● the same member failed to present at a previous annual meeting the business stated in a member proposal that at the member's request had been included in the notice for that meeting, such failure occurring within two years of submission of the current requisition;

● substantially the same business as stated in the requisition was submitted to members in a notice of members held within a prescribed period before receipt of the requisition and it did not receive the prescribed minimum level of support at the meeting (see the table below for details); and

● the rights to requisition a meeting of members are being abused to secure publicity.

With respect to the penultimate exception above, the minimum level of support that a resolution must receive before substantially the same business may be re-submitted at a requisitioned meeting is as follows:

Proportion of Support / No. of annual meetings

3%: one

6%: two

10%: three or more

For example, suppose that a resolution submitted to the corporation's members received only 2.9% of the votes cast thereon at the 2014 annual meeting. The directors need not call the requisitioned meeting to consider either that resolution or substantially the same resolution before the 2019 annual meeting (by 2019, the resolution defeated at the 2014 annual meeting will have reached its fifth anniversary) . However, if the resolution received 3% or more of the votes cast at the 2014 annual meeting, the directors cannot refuse to call a requisitioned meeting to consider either the same or substantially the same resolution at the 2015 annual meeting (or any subsequent meeting). If the same or substantially the same resolution receives 5.9% of the votes cast at the 2015 annual meeting, the directors need not call the requisitioned meeting to consider either that resolution or substantially the same resolution before the 2019 annual meeting (by 2019, the resolution would only have been considered at two meetings in the previous five years: 2014 and 2015). However, if the resolution received 6% or more of the votes cast at the 2015 annual meeting, the directors cannot refuse to call a requisitioned meeting to consider either the same or substantially the same resolution at the 2016 annual meeting (or any subsequent meeting). If the same or substantially the same resolution receives 9.9% of the votes cast, it cannot be re-submitted until the 2019 meeting (by 2019, the resolution would only have been considered at three meetings in the previous five years: 2014, 2015 and 2016). But if the resolution received 10% or more of the votes cast, either that resolution or substantially the same resolution may be brought at the 2017 or 2018 annual meeting (or any subsequent meeting).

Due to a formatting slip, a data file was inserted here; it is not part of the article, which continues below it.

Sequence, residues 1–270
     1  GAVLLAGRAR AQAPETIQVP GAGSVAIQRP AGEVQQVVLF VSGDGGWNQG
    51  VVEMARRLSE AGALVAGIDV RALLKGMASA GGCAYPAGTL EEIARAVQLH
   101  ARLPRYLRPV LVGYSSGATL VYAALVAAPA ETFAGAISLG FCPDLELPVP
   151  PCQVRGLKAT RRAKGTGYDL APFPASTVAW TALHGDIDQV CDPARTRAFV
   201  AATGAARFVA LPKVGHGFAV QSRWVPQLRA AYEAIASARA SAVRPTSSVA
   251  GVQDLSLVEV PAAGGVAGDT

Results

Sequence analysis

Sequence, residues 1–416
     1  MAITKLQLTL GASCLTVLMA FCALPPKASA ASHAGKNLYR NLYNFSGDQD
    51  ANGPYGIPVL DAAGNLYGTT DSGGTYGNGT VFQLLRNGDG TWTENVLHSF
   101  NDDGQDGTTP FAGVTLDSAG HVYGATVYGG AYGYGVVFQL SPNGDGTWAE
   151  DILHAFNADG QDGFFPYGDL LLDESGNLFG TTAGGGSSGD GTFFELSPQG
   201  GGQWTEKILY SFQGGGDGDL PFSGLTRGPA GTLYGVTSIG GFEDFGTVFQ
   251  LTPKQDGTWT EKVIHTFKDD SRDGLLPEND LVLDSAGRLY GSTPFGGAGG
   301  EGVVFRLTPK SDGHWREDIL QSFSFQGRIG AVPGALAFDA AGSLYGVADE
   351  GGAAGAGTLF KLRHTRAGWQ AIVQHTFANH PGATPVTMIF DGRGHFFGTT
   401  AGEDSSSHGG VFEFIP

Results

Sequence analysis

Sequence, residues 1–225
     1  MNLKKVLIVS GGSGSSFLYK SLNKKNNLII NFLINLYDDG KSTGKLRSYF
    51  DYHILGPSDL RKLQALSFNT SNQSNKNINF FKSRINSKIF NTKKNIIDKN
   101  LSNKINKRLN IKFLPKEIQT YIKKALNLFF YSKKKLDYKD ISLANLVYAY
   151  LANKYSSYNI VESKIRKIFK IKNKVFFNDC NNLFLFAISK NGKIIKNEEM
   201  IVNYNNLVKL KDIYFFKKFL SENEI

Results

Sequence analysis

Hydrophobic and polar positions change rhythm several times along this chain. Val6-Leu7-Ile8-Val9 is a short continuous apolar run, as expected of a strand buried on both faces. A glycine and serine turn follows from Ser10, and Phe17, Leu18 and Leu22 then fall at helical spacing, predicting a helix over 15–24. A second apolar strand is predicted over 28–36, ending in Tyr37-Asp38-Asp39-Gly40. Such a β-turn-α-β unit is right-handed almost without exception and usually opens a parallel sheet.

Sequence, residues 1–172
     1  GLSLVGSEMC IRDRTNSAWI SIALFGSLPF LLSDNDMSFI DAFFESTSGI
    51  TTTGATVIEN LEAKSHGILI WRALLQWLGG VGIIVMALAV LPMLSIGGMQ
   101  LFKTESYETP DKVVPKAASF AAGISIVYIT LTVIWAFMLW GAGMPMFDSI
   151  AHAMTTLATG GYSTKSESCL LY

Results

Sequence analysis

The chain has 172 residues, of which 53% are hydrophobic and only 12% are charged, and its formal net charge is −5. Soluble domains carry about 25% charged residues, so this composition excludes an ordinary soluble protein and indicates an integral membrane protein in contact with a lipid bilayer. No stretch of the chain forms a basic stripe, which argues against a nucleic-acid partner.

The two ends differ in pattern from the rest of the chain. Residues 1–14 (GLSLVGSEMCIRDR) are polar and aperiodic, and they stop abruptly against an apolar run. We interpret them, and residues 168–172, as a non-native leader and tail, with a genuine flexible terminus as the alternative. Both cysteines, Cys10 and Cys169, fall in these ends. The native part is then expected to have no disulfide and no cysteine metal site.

If the directors have received a compliant requisition, the directors are required to call a meeting of members to transact the business stated in the requisition within 21 days after receiving the requisition. The meeting need not be held within 21 days. If the directors do not call the meeting within 21 days, any member who signed the requisition may do so. In either case, the requisitioned meeting must be called as nearly as possible in the manner in which meetings are to be called in the CNCA and by-laws.

The CNCA is not entirely clear as to what happens if the directors take the position that they are not required to call the meeting, based on one or more of the various grounds described above, but the requisitionists disagree and call and hold the meeting themselves. The CNCA provides that, in the case of an analogous dispute involving the rejection of a member proposal, either the aggrieved member or the corporation can apply to court for a ruling on the dispute. It is submitted that the court could extend these provisions to apply to a dispute involving whether a requisitioned meeting should be called and held.

In the case of a requisitioned meeting, the board needs to consider, first, whether it is on solid ground in refusing to call the meeting. If so, it should apply to court for an order blocking the requistionists from calling and holding a meeting (if it appears that the requisitionists may do so). Otherwise, chaos could occur if the meeting is held and the business is passed by those voting. The corporation would have to bring an application to set the resolution aside, which it could lose.